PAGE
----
bottom line: i believe that we can use whatever language (secular or otherwise) to express the dharma. i’m one of those who believe that Buddhist practice (and concepts) can be expressed in secularized form *without losing its potency as a liberation oriented technology*. this will not appeal to everyone, just as science doesn’t appeal to a lot of people. there will those who will continue to prefer the traditional teachings along with its cultural expressions. nothing wrong with that. Western Buddhists owe a lot from those people who chose to follow the traditional paths. without them, Buddhism will not thrive today. but still, for me, secularized flavor of Buddhism is a parallel dharma. i don’t think it will replace the different Buddhist traditions. it will be a different thread on its own.

so whenever someone asks me whether i’m a Buddhist, i can now answer with a straight face: i’m technically a non-practicing Catholic who does Buddhist practice.

my two cents.

~C

Comments (9)

  1. C4Chaos:

    I relate to what you are saying so much. I’m a Christian Contemplative, and I practice Buddhist meditation intensively. At the place that is beyond the root there is no difference. Thank you for bringing your perspective to the discussion.

    LOL — the photo with the sign. πŸ™‚

    Tuesday, August 11, 2009 at 10:51 pm #
  2. Vince wrote::

    Hi Mel,

    Yeah, I understand what you’re saying. It sounds similar to me, to what Ken Wilber has tried to do with his Integral Psychology models, where he lines everything up to see the commonalities, and then from there you are in a position to do a more kind of intelligent distillation and re-packaging.

    I respect that drive, and I think folks like Wilber and Young are doing a decent job at it, and I’m glad they are. Perhaps it’s just that I’ve become more and more a post-modernist thinker though, in that I’ve been questioning that drive, within myself, to want to find commonalities and universals and then titrate them down into some sort of super-essence. Because though I’ve bought into theories that do that, and even constructed some of my own, I always find that new information surfaces and my previously held beliefs about how things connected get challenged and they are undermined slightly.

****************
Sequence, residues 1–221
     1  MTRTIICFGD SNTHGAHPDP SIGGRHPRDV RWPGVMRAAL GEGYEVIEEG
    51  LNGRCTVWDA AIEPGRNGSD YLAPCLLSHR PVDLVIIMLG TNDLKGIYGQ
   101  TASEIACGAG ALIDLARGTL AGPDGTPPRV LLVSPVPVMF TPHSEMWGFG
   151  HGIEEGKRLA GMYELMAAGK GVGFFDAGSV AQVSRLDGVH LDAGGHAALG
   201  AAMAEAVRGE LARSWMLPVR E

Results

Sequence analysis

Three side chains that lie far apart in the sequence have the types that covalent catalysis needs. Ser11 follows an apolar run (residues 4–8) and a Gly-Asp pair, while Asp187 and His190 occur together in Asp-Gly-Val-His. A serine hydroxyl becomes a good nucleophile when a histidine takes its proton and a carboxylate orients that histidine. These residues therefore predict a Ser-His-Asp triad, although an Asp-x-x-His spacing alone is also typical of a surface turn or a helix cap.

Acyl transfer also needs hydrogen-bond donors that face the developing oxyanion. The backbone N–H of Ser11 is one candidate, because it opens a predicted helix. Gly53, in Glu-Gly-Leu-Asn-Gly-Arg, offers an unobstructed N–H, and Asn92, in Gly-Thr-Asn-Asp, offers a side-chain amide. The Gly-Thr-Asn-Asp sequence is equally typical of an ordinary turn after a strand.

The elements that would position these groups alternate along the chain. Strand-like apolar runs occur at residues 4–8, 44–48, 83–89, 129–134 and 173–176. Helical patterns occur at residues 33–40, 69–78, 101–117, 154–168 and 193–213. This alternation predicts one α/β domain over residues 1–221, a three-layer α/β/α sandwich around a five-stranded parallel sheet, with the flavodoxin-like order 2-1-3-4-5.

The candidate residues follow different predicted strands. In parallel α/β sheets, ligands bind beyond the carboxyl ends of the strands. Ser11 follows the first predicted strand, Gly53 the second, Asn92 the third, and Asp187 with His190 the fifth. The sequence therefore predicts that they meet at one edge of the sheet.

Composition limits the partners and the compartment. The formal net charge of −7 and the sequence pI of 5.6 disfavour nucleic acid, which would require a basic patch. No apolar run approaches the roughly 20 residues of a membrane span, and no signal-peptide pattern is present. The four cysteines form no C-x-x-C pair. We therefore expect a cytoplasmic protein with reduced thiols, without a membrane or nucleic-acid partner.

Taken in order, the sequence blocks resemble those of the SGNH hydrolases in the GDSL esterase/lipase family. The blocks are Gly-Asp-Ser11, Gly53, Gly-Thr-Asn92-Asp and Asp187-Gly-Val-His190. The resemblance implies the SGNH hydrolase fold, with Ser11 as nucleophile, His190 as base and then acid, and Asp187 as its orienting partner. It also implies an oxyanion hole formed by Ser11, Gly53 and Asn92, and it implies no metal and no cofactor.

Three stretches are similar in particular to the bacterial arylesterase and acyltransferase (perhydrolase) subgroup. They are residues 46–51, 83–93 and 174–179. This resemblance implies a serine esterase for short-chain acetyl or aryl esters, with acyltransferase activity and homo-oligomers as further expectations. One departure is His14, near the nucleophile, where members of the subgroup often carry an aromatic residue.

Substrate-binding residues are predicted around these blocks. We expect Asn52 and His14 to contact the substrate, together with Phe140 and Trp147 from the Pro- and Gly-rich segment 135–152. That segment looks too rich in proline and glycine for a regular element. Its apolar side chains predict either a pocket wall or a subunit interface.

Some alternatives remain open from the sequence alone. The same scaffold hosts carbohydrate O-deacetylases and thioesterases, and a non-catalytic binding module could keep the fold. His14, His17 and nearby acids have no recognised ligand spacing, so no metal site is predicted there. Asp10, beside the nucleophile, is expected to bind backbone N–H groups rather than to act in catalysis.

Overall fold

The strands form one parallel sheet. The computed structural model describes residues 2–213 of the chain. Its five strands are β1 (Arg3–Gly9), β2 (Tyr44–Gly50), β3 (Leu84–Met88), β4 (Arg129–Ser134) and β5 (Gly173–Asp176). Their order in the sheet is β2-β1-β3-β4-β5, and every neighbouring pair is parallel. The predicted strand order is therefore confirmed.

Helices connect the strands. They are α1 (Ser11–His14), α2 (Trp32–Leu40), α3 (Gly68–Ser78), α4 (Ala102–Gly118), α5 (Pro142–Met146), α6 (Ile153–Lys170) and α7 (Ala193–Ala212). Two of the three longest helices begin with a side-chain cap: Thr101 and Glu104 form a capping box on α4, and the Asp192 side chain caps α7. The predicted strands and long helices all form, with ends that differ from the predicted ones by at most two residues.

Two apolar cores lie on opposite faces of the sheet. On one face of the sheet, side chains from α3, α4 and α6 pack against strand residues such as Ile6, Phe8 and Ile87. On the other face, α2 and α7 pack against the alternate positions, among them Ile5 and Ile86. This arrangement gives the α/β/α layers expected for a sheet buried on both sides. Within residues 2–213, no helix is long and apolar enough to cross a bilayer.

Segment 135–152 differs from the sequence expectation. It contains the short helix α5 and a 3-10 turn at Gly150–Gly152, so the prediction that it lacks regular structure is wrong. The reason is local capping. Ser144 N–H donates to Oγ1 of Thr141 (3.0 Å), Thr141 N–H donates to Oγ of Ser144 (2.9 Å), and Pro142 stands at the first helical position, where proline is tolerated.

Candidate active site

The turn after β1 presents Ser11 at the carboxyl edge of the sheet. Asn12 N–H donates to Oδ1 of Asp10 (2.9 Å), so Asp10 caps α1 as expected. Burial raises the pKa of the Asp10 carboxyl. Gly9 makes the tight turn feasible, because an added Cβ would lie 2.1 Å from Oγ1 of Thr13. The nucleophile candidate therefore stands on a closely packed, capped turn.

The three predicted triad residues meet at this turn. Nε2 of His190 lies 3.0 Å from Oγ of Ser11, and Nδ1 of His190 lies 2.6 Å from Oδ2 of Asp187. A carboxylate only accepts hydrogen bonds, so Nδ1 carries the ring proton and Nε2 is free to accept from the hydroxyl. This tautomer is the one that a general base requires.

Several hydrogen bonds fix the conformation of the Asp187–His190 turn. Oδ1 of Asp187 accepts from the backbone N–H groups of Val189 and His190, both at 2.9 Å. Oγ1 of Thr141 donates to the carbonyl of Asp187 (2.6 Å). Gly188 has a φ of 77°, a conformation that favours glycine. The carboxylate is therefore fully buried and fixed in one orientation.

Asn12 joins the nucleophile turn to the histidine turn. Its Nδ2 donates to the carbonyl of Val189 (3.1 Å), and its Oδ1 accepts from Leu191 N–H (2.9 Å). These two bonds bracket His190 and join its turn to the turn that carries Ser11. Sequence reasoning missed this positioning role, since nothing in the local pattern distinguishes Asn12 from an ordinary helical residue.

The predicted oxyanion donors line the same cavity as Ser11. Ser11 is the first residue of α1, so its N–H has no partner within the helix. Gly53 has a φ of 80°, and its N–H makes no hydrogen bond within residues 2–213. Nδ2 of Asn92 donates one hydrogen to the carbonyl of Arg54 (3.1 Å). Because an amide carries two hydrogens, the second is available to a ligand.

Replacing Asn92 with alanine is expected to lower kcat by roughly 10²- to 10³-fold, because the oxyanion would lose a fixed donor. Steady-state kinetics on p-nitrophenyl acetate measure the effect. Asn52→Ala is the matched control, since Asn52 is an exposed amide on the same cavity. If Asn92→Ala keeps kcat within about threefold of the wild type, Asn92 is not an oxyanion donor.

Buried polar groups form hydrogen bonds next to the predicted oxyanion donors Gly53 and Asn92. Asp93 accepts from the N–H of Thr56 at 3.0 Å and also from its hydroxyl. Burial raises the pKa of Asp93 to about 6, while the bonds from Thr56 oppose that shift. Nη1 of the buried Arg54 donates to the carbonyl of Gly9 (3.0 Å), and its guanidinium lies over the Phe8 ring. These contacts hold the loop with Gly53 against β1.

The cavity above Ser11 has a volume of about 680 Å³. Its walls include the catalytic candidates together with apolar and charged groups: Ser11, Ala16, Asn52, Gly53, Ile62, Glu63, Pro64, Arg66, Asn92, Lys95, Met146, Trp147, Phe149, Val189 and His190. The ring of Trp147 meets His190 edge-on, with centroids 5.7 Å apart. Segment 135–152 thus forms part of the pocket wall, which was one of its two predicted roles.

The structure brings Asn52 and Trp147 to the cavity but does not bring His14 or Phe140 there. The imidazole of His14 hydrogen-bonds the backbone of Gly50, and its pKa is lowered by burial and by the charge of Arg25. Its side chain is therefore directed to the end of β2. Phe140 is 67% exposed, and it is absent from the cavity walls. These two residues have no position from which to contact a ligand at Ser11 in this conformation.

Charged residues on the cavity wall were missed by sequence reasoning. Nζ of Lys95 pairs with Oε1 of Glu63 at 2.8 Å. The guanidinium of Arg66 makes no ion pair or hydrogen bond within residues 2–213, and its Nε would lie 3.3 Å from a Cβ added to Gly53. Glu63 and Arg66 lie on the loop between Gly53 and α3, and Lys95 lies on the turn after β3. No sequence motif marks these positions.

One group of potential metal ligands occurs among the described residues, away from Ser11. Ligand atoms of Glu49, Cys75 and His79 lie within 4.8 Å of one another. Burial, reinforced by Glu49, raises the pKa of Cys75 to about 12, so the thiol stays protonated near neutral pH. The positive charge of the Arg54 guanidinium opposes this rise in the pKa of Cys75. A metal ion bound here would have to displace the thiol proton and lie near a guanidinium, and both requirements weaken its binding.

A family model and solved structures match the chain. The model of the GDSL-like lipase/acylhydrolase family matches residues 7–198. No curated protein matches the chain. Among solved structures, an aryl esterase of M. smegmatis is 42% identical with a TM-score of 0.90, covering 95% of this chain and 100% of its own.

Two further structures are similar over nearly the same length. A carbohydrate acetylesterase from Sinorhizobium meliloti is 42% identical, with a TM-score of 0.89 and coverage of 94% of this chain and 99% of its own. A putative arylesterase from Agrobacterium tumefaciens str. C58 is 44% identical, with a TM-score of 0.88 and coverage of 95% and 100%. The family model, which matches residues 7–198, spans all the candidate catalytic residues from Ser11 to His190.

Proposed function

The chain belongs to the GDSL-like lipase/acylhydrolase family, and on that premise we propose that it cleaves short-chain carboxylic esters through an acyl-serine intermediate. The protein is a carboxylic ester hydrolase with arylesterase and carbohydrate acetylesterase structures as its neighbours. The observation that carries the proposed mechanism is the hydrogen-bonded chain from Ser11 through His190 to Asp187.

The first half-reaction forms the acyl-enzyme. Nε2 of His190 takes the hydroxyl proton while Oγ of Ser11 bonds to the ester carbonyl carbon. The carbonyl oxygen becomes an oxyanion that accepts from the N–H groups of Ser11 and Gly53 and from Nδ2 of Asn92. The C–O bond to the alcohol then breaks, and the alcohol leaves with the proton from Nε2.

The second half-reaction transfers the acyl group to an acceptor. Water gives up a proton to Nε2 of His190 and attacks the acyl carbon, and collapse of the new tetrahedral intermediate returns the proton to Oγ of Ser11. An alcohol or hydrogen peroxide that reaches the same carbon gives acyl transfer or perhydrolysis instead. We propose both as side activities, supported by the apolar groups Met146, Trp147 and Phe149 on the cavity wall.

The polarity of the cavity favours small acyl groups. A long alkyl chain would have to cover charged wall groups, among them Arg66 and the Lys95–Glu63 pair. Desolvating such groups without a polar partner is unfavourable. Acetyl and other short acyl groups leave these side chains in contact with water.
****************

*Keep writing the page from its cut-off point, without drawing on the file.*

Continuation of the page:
For example, as I write about on my blog, while doing Robert Kegan’s Immunity to Change process recently, I unearthed an invisible assumption that, “I should be able to resolve all paradoxes and contradictions that I encounter.” That assumption was one of the primary things driving me to try and bring everything together, see commonalities, and build theories. It seems like what Kegan refers to as the “self-actualizing mind.” But I don’t think that is how Wilber (or perhaps even Shinzen) came to their synthesis. When Wilber talks about his process of writing SES (Sex, Ecology, Spirituality) he talks about how he took in all this information, reading for like 3 years straight, and how he was completely stuck, not knowing how things fit together, or even if they did. He had to bang his head against that no knowing for YEARS! It was only then that his theories “emerged”.